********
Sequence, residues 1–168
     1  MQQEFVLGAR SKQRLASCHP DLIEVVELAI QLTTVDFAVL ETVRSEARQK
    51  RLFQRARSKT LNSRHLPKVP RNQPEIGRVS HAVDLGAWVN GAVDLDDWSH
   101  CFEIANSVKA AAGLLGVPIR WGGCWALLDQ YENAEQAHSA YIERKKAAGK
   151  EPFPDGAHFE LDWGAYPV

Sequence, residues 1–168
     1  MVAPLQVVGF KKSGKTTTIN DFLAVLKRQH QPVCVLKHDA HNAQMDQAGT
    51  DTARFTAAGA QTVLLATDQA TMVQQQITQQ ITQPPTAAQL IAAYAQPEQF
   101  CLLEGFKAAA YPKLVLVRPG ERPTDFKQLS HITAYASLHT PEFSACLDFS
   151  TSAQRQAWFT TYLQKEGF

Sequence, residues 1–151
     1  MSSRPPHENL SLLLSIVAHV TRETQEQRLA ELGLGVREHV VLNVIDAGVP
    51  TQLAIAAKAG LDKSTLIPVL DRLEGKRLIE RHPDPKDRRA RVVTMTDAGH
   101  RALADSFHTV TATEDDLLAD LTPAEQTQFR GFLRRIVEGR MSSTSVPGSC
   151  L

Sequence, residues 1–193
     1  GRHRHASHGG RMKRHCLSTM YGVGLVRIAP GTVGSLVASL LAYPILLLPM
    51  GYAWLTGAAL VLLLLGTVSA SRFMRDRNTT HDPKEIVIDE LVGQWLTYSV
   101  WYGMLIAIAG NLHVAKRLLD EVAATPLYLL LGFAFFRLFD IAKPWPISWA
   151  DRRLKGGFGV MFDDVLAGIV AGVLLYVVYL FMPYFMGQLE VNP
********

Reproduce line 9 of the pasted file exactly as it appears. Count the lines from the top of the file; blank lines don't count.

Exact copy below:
   101  CLLEGFKAAA YPKLVLVRPG ERPTDFKQLS HITAYASLHT PEFSACLDFS